Including new Ultra Marathon 50 Kilometer Plans We are supremely excited to announce that a full slate of all-new 80/20 Running 2021 Edition training plans are now available. And when we say “all-new” we mean all-new. These run plans aren’t merely tweaked versions of our existing plans. We rebuilt them from the ground up with the […]

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I Was Wrong

New Study Strikes Fatal Blow to 80/20 Training Philosophy

By Matt Fitzgerald / December 26, 2020 / 0 Comments

I am often asked if the 80/20 rule of intensity balance applies to athletes who train at very low volumes. It’s a fair question. We know that low-intensity exercise doesn’t do a lot of good in small amounts, whereas high-intensity exercise does. It is plausible therefore that, below a certain volume threshold, doing less than […]

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A Fitness Carol

By David Warden / December 20, 2020 / 0 Comments

This evening you will be visited by three sprits: the Ghost of Fitness Past, the Ghost Fitness Present and the Ghost of Fitness Yet to Come. Let’s face it, you need this intervention. COVID, politics, and the death of Eddie Van Halen left you reeling in 2020. A spiral of event cancellations and doom-scrolling transformed […]

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Smiling Runner

How Not to Screw Up Your Maintenance Training

By Matt Fitzgerald / December 12, 2020 / 0 Comments

No athlete can get fitter year-round, and no athlete should try. But letting yourself go completely is not the only alternative to actively pursuing peak race fitness. It is possible to maintain a solid foundation of fitness with a training pattern that is infinitely sustainable, allowing you to transition smoothly back into progressive, race-focused training […]

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Ingrid Kristiansen

When You’re Fit, You’re Fit

By Matt Fitzgerald / November 14, 2020 / 0 Comments

On May 5, 2019, Stephanie Bruce won the USATF Half Marathon Championship by 21 seconds with a time of 1:10:43. The following day, she asked her coach, Ben Rosario, for permission to compete in a 5000-meter track race on May 16th. Ben gave her his blessing, and 10 days later Steph set a new personal […]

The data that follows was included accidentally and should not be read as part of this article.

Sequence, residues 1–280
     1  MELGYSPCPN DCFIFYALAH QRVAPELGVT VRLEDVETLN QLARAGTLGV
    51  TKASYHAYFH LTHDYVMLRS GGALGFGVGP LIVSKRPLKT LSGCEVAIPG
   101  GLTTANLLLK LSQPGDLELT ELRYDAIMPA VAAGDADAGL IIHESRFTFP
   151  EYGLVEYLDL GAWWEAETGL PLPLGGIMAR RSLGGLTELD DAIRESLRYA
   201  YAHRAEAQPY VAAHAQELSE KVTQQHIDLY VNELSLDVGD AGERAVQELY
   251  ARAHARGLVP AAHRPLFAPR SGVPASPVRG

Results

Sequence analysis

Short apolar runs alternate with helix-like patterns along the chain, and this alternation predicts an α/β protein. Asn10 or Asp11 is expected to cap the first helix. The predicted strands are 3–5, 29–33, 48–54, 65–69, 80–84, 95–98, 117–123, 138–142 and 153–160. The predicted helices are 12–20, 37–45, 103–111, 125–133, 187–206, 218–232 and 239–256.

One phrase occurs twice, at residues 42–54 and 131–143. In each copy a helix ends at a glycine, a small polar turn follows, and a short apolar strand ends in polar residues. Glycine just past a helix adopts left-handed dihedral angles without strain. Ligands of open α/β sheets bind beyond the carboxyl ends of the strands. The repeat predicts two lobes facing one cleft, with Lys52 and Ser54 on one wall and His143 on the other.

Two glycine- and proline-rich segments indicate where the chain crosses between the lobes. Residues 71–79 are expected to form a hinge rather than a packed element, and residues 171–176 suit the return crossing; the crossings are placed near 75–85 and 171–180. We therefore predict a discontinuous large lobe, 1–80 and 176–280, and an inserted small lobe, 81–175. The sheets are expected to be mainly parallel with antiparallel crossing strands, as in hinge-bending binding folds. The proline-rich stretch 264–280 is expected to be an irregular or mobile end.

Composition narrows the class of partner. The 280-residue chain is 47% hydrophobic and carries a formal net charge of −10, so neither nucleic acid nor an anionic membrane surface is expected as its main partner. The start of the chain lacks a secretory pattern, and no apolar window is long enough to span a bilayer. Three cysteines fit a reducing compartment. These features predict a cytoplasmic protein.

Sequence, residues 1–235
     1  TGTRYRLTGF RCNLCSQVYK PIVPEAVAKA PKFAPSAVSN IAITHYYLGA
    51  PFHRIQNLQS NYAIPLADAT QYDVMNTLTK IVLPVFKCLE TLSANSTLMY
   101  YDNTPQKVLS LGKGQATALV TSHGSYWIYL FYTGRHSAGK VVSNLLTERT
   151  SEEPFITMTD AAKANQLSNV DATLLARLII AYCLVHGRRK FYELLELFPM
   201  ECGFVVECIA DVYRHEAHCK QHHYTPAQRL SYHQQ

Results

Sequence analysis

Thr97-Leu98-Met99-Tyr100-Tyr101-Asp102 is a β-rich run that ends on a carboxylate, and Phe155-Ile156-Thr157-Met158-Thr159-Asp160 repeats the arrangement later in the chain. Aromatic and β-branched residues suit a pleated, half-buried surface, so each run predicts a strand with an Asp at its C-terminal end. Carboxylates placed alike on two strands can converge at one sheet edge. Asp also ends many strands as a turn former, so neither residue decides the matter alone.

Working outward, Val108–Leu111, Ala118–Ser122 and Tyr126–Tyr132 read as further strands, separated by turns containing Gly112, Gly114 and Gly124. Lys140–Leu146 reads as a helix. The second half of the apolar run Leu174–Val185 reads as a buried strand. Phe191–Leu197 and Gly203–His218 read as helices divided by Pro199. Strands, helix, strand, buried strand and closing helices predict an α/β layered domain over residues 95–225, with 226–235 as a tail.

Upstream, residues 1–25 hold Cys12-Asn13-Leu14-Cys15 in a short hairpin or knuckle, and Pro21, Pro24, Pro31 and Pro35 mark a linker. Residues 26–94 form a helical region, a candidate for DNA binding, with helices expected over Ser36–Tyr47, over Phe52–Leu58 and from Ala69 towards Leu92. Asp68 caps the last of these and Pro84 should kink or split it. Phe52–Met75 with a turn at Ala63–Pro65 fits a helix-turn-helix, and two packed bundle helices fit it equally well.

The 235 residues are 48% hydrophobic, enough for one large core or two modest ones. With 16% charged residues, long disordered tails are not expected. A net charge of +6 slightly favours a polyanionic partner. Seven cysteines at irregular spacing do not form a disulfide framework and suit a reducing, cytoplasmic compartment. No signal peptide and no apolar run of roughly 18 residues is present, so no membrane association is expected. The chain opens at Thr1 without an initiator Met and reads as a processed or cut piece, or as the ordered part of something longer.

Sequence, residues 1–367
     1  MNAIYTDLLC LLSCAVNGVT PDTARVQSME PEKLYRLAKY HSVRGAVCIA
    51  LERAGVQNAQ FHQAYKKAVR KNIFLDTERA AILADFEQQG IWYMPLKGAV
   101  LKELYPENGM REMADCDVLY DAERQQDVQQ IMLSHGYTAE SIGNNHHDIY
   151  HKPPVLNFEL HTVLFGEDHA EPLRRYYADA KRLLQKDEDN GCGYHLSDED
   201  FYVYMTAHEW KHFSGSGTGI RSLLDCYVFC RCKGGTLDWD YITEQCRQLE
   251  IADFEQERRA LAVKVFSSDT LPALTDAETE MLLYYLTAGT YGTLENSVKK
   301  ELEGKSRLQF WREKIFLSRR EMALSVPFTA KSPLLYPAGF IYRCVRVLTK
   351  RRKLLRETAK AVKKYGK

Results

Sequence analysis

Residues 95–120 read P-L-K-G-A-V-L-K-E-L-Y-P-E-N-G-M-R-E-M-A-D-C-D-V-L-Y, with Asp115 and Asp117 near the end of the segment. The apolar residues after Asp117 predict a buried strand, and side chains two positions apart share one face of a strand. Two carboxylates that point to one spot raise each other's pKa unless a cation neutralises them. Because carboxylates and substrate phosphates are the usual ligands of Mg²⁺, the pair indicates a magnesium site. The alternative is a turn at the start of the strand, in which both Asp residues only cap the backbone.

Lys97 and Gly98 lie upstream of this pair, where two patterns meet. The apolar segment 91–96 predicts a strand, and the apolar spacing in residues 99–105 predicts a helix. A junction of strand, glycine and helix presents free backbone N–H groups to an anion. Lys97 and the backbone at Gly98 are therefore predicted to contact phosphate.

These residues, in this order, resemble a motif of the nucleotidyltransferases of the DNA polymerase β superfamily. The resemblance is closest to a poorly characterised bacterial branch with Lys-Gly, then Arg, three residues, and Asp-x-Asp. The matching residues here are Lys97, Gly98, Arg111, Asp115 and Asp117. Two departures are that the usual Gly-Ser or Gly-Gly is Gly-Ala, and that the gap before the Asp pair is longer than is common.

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2016 Napa Valley Marathon

The Difference Between Athletic Development and Getting Fitter

By Matt Fitzgerald / November 1, 2020 / 0 Comments

Last year I was contacted by a very interesting person, we’ll call him Brad, who became a professional skateboarder in his teens, then transitioned to professional snowboarding, and then made a go of qualifying for the PGA Tour (making is as far as the Nationwide Tour), and subsequently started getting into triathlon. Now in his […]

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Thorsten Emig

Why Runners Should “Listen to the Scientists”

By Matt Fitzgerald / October 25, 2020 / 0 Comments

“We can neither deny what science affirms nor affirm what science denies.” I forget who said this, but whoever said it, it’s true. If you’re not so sure about that, it’s likely because you’re misinterpreting the statement as meaning that science is always right about everything. But that’s not at all what it says. What […]

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Sprinting

Why You Should Sprint During Off-Season Endurance Training

By Matt Fitzgerald / October 16, 2020 / 0 Comments

Something is wrong with my body. I don’t have a diagnosis yet, but I think I might be iron deficient. Other possibilities are burnout, a low-grade viral infection, low blood pressure, stress, and vitamin D deficiency. What I know for certain is that I feel terrible when I exercise, and particularly when I run. I […]

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Paula Radcliffe

Would Longer “Weeks” Make Your Training More Manageable?

By Matt Fitzgerald / September 28, 2020 / 0 Comments

Originating in ancient Samaria more than 4,000 years ago, the seven-day week has become a standard calendrical feature throughout the world. Most athletes in most sports adhere to this convention as well. I recall noting this during my time with the HOKA Northern Arizona elite professional running team in 2017. Unlike the majority of us, […]

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Tommy Hughes

Fifty Is the New Whatever

By Matt Fitzgerald / September 19, 2020 / 0 Comments

The 2020 Antrim Coast Half Marathon was exceptional simply by virtue of happening. It was one of the first sizeable road running events to take place after the COVID-19 pandemic swept the planet. But the race became even more exceptional when 60-year-old Irishman Tommy Hughes crossed the finish line in 1:11:09, smashing the age-group world […]

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Fitness Measurements

What Gets Measured Gets Overemphasized

By Matt Fitzgerald / September 14, 2020 / 0 Comments

Recently I created a custom training plan for an Italian ultraendurance cyclist who was preparing for a pair of multiday, multi-thousand-kilometer bike tours, and who told me in the onboarding questionnaire he submitted that increasing his functional threshold power (FTP) had been a major point of emphasis in his training. For the runners in the […]